Uncirculated Coins: What Are They & What Is Their Worth?

There’s an old saying, “Everything old is new again.”

That rings especially true for coin collectors, enthusiasts, and investors. In the world of uncirculated coins, anything old that’s new is the holy grail. 

But what are uncirculated coins, and what are uncirculated coins worth?

This guide will teach you what you need to know to spot an uncirculated coin. We will arm you with the knowledge you need. The rest is up to you.


What Are Uncirculated Coins?

Uncirculated coins are coins struck by a government mint but never introduced into the money supply.

The mint sometimes pulls coins to prevent circulation. Whether the pull is due to a printing error or an executive order, those coins become rare.

Some collectors visit local banks and buy coins before they enter the world. In modern markets, they sell as collectibles. 

The U.S. Mint strikes and offers collectible, uncirculated coins for collectors and investors.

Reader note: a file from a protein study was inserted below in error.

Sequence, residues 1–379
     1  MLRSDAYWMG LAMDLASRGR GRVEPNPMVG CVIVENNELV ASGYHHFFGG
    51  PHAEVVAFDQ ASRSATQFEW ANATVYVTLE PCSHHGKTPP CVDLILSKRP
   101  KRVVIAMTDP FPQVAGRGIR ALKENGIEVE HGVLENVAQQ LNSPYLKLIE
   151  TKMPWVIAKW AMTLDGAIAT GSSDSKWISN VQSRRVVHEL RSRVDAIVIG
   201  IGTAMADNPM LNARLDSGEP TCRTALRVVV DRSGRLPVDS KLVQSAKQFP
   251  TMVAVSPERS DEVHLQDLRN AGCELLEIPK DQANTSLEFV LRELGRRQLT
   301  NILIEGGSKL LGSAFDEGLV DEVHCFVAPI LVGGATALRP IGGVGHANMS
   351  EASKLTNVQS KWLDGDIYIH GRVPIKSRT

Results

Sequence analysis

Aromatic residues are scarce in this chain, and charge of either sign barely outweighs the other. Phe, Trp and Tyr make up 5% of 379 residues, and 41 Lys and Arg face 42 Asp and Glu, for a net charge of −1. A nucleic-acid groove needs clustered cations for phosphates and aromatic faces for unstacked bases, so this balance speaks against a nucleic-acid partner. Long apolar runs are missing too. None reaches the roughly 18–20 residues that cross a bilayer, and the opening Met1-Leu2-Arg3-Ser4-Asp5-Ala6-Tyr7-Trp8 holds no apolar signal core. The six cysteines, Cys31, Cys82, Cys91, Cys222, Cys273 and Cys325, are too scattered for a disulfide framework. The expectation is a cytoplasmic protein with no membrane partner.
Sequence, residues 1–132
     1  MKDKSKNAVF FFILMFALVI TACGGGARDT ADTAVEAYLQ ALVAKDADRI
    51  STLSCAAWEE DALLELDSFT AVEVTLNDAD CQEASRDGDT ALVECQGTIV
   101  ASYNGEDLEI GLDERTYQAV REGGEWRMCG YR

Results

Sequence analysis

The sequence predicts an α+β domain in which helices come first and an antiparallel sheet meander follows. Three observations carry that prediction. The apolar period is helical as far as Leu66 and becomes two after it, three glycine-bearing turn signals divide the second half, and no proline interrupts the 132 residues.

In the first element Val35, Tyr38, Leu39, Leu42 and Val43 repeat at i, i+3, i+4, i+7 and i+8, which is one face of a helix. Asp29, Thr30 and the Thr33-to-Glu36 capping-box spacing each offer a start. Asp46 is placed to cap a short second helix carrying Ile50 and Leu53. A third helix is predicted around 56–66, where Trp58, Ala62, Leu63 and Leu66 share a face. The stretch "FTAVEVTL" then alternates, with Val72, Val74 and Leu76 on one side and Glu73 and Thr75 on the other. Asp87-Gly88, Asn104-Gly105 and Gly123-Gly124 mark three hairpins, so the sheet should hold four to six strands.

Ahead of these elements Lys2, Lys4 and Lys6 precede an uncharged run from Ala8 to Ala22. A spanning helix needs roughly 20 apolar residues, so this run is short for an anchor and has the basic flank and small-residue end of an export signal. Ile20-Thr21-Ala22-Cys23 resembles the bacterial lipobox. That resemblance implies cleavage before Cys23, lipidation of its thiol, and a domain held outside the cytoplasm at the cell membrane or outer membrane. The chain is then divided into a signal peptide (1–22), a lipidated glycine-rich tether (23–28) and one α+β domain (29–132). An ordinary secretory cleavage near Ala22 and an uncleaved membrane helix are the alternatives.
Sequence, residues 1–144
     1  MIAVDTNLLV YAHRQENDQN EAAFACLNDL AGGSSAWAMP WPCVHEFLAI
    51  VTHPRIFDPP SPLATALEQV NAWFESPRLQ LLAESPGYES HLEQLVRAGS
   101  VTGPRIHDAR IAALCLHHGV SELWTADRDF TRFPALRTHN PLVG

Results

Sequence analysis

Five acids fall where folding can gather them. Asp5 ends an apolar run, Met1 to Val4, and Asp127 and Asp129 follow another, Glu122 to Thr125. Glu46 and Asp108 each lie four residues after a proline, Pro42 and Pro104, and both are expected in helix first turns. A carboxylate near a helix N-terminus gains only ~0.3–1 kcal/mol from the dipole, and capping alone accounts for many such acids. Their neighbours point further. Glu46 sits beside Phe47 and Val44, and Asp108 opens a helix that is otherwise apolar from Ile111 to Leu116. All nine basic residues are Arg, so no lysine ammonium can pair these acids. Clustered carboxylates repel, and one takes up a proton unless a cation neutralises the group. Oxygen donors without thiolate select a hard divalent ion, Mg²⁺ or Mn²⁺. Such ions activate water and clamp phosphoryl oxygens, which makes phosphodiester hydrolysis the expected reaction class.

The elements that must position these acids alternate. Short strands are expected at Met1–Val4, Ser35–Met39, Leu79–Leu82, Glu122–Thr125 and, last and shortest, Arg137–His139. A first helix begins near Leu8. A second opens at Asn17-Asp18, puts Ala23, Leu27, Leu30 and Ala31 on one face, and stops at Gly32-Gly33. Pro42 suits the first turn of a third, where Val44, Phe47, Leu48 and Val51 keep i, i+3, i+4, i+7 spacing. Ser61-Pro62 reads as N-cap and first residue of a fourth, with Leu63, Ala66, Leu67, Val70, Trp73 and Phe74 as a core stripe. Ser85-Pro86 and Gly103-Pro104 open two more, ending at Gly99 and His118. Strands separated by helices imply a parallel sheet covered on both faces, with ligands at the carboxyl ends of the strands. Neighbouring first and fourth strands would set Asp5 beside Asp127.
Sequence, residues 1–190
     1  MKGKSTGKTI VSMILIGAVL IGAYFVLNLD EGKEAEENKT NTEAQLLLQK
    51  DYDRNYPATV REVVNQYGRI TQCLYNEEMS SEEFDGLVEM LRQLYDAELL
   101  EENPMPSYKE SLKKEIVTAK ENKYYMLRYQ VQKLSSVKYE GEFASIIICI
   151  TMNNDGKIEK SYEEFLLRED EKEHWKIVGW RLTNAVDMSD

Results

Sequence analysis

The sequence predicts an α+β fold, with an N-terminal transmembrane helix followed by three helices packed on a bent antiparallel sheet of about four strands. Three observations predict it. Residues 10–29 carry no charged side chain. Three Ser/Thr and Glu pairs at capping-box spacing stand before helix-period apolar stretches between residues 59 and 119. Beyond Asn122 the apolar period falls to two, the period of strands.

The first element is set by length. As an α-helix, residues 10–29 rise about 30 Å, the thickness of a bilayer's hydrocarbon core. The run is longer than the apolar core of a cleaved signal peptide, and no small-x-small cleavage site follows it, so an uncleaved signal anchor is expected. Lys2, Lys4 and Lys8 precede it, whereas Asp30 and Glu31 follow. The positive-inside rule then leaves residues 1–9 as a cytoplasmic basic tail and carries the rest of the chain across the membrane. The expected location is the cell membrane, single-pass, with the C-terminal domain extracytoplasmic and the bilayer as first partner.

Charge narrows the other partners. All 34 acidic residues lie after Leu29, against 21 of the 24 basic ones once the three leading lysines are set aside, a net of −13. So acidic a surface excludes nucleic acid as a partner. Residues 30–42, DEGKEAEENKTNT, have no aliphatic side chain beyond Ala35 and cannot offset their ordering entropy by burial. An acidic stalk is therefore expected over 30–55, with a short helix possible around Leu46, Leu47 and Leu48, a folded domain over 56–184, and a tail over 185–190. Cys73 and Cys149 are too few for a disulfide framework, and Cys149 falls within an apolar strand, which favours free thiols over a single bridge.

It hand-loads special blanks, which have a soft, matte-like finish, into the press it uses for everyday coins. The mint makes the coins with a special process that produces a brilliant finish. Government-minted, special-edition uncirculated coins include a certificate of authenticity. 


Historical Background of Uncirculated Coins

The United States Mint began selling the Uncirculated Set or Mint Set of coins in 1947. The first sets included two coins, so the collector could display both the front and the back. 

By 1959, cellophane packaging made it possible to view both sides of the coin. Mint sets were reduced to one coin. One coin—instead of two—meant lower costs. The decrease in price led to an increase in popularity among the general public. 

Collector demand for uncirculated coins became so strong that by 1964 there was a coin shortage. In an attempt to slow collectors, The Coinage Act of 1965 removed mint marks from coins, and no mint sets were produced again until 1968. 

Consumers had proven their appetite for uncirculated coins. Mint sets are popular to this day.